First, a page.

There is a tradeoff between deep learning and “covering” a lot of material. “Covering” a lot of material often amounts to a lot of time spent in giving the instructor the delusion that the students have a large set of ideas firmly in hand. True engagement by students requires taking longer for each key idea. Jal Mehta says this in his interview by Liz Mineo:

We define them as compelling teachers when they give their students a challenging, higher-order thinking task, and where at least three-quarters of the students were highly engaged with that task. … These teachers created spaces where they brought together rigor and joy and which were intellectually demanding, but also open, playful, and warm. … They emphasized coverage less and seeing things from different angles more.

Students as Scientists

Any deep learning requires students exercising their own minds in many ways. Jal says this to Mineo: 

Our most compelling teachers viewed their students as essentially inquirers in the subjects they were pursuing; the students were the historians or the scientists. They were trying to help students to own the standards of their fields or disciplines and also inspire them to get interested in their subjects in the long run.

… It takes time to develop knowledge, skill, and mastery over a domain, and these teachers were trying to get students excited about this trajectory.

In economics, the answers to many questions are still disputed, so taking the role of a scientist is not only a good way to learn, it is necessary in order to make a decision for yourself among competing ideas. Even when I only lay out only one view in my lectures, that view often differs enough from the view in the textbook or the view in an earlier class that there are plenty of different views for students to wrestle with if they are willing. A key here is to realize that a state of being confused is a gateway to deep learning.

What is wrestling with different views? It is asking the question of how someone could believe each view and then asking yourself what you believe after you have the backup for each view kicking around in your head. Euclid, who formalized the geometry you learned in high school thousands of years ago, is reputed to have said “There is no royal road to geometry.” I am saying “There is no road to deep learning that does not pass through a period of feeling confused.” Feeling confused along the way is not a problem. Thinking that feeling confused means you should give up is a big problem. I can tell you that cutting-edge research almost always involves going through a period of feeling confused. There is great honor in feeling confused because you are trying to understand something deeply.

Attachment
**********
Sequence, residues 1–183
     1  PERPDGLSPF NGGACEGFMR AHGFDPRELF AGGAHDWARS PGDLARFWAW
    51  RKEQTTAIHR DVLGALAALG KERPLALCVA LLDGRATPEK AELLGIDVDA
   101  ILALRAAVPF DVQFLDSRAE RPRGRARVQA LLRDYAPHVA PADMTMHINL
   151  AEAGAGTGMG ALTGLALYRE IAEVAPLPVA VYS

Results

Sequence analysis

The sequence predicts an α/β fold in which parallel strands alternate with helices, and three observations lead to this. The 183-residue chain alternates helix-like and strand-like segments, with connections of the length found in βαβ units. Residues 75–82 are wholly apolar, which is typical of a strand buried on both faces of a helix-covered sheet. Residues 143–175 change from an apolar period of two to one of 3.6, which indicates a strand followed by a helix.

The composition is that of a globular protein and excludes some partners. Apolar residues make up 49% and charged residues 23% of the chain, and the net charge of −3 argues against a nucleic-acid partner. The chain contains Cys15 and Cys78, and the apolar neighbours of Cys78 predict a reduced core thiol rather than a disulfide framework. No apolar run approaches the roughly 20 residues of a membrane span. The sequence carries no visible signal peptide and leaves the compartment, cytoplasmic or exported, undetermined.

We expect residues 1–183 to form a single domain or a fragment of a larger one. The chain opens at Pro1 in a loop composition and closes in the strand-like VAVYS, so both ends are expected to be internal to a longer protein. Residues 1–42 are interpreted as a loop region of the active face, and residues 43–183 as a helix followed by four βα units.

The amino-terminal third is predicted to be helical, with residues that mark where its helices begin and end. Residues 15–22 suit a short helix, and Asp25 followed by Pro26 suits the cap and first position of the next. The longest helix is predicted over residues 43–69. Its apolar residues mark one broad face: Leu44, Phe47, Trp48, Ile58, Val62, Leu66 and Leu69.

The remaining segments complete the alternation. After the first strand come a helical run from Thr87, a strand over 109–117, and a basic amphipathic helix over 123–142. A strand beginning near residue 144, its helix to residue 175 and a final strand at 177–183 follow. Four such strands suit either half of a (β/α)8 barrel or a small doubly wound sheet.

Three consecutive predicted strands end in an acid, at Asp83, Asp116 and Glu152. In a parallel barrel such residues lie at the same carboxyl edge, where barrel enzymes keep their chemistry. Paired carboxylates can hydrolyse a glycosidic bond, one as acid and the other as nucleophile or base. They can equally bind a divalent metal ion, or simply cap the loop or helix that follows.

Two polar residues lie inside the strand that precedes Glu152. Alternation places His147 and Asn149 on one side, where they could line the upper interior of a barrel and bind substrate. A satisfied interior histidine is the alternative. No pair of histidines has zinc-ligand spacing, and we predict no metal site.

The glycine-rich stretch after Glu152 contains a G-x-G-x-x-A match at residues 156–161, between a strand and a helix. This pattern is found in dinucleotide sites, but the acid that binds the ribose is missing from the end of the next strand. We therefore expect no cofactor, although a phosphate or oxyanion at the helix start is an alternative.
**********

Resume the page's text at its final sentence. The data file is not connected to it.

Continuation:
Motivating Students and Making Things Fun

To me, economics is fascinating. I tend to teach as if everyone found it as intrinsically fascinating as I do. But I realize that, in fact, students come into my class with a wide variety of different motivations, almost none of which I understand. I would love to have more students tell me what it is they hope to get out of their Intermediate Macro class. If I understood better what interests my students come into the class with, I could thicken the connection of what we are doing in class those interests. Sometimes the connection might be that those interests stem from what I see as a faulty view of macroeconomics, but there should always be some way to connect things.

I would also love to have more students tell me what kinds of spice they like to have added to lectures. My primary goal will always be learning that lasts. But if, within my abilities, I can see how to make lectures more fun without sacrificing learning that lasts, I’ll try to do it.

Finally, I’d love to get feedback from other professors about what they think motivates students and what keeps things fun for students in macroeconomics. They might be interested in turn in what I have to say about my approach in “On Teaching and Learning Macroeconomics.” One possible motivation for wanting to learn macroeconomics is to be able to understand the newspaper as it talks about the big important events of the day. That is the objective for learning macroeconomics that, so far, I have been most focused on in my teaching.